The environment for innovation does really matter

Seven domains in work matThe Executive Innovation Work Mat methodology requires investigation and engagement across the seven domains or components that make up the work mat.  The aim of any work mat discussions undertaken with executives focuses upon bringing out the parts necessary for innovation to happen and that needs an integrated approach and lasting engagement from senior management.

In a series of articles I will be looking at each of the seven components within the work mat to raise questions to probe and prompt the necessary thinking that needs to be made in organizations determined to build a lasting innovation competence and structure.

I’ve already offered some opening thoughts on Governance and Innovation, for me one of the basic building blocks for innovation lies in creating the right conditions for an Environment to innovate.

So what are those environmental conditions required for innovation?

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Correcting an innovation oversight sometimes hits you hard!

I’ve had one of those weeks where a certain realization took hold, something that had been nagging away at you suddenly surfaces and slaps you in the face. Ouch!

I have just completed my own gap-analysis on how I have explained the Executive Innovation Work Mat methodology and its value.  It actually was a bit of an eye opener. I was surprised in this audit of all associated posts, articles and papers written by myself or in collaboration with Jeffrey Phillips, that there were some very glaring gaps in my posts on explaining this methodology.

The Seven Components that make up the Executive Innovation Work Mat

The Seven Components that make up the Executive Innovation Work Mat

The Innovation Work Mat has seven components or domains

What was crazy here is the fact I have the research, the component parts all worked through, structured and being used in actual engagements to prompt the essential discussions, yet I had not been publishing these enough through my posts to underpin the methodology.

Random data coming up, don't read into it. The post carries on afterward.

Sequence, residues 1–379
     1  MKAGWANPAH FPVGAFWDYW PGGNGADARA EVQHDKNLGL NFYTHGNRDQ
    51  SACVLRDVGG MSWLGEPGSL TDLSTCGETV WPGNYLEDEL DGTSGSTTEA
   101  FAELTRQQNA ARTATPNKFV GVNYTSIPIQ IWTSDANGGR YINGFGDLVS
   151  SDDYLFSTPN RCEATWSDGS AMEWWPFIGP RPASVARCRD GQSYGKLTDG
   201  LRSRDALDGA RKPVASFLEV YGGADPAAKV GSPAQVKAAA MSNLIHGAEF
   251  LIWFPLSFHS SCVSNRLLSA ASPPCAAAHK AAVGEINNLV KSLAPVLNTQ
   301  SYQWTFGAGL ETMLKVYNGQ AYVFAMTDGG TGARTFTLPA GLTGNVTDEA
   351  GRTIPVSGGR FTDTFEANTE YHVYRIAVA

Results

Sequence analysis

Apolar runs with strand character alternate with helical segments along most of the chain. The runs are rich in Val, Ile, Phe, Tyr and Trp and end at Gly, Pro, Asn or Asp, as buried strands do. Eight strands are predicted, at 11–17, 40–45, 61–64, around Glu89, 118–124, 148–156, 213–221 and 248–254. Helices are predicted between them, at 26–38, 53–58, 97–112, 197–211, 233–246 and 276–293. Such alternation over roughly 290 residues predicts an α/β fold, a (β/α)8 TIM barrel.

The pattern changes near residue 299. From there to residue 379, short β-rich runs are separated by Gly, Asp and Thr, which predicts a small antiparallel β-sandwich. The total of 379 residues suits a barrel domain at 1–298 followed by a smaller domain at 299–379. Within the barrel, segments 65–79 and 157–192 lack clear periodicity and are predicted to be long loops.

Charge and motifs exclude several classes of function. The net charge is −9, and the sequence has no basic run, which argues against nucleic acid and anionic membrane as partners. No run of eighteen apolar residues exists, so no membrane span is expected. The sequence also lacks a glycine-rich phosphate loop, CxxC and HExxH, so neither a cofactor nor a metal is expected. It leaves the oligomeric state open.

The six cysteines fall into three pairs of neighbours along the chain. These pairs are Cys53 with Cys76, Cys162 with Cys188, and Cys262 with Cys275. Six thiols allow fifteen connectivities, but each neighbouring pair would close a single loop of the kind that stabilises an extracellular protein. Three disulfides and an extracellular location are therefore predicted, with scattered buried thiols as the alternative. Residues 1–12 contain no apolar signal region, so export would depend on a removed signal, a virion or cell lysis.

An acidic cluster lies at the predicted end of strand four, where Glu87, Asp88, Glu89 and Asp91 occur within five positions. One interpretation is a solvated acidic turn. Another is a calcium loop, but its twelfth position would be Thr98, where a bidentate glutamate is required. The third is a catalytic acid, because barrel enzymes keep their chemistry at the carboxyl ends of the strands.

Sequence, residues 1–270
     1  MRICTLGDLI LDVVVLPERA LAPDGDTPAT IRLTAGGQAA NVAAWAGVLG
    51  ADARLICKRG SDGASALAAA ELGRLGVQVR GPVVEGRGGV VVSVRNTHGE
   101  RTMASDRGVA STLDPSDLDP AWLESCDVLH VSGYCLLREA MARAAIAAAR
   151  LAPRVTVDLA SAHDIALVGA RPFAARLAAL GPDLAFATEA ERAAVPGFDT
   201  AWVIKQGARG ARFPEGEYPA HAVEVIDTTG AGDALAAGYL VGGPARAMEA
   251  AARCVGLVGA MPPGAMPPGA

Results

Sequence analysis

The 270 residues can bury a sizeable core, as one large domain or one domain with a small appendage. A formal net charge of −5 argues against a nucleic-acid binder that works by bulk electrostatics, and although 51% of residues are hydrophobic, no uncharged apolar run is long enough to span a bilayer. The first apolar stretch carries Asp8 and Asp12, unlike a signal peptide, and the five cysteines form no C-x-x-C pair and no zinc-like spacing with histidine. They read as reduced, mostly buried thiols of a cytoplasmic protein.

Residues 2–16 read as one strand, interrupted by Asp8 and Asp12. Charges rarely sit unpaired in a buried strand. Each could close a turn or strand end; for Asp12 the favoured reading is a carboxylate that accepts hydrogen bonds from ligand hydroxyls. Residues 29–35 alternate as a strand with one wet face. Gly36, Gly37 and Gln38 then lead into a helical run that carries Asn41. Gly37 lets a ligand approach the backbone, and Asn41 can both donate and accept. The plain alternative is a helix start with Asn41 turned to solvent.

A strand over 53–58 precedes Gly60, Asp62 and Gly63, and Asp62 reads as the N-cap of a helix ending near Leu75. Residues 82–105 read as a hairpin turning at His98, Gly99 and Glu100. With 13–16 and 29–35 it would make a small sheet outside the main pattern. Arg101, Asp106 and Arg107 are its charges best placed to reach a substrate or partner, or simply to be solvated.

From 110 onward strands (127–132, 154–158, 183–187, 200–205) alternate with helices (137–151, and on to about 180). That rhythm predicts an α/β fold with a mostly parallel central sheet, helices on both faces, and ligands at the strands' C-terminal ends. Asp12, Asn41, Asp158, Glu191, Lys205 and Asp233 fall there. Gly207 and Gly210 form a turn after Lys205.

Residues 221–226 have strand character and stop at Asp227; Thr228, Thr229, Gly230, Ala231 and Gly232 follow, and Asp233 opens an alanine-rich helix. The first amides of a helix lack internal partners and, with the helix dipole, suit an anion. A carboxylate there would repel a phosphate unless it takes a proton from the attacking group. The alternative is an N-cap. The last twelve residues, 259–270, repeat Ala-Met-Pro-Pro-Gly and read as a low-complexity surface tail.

I had been missing essential domain component messages that are the very essence of why you need to work around the entire work mat as essential. I was missing the opportunity to publically talk about ALL the parts as it is the combining of these that does provide its value as an integrated approach to innovation that can cascade throughout the organization.

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The Role of Governance needed in Innovation

Questions for GovernanceLater this month a book I have looked forward too, is finally being launched. It is called “Innovation Governance: How Top Management Organizes and Mobilizes for Innovation” written by Jean-Philippe Deschamps & Beebe Nelson.  Jean-Philippe Deschamps is emeritus Professor of Technology and Innovation Management at IMD in Lausanne (Switzerland).

Innovation Governance is promising to provide a comprehensive framework to help top management develop the overarching values, policies and initiatives needed for a corporate innovation constitution. The authors are providing a framework for encouraging and focusing innovation by explaining what innovation governance is, the various models for governance and their advantages and disadvantages, how to assess and improve governance practices, and behavioural tactics for maximizing the effectiveness of governance.

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Taking on those innovation hills is never easy

AchievementFollowing on from my last post suggesting the way to move innovation forward, it was to ‘take the different innovation hills, one at a time, for innovation advancement” I used a military metaphor of “taking the hills”.

So what are the hills we need to take?

 There are plenty of innovation hills to attack but here are ten suggestions that would advance the cause of innovation and establish its territorial importance in the organization somewhat.

Some hills maybe on first glance, seem not so important but they all move towards setting up the winning conditions for innovation to become a core within organizations. Some are sending clear signals of intent; others show the fighting commitment necessary to take that hill because it is strategically important.

Hill one is by abandoning quarterly reporting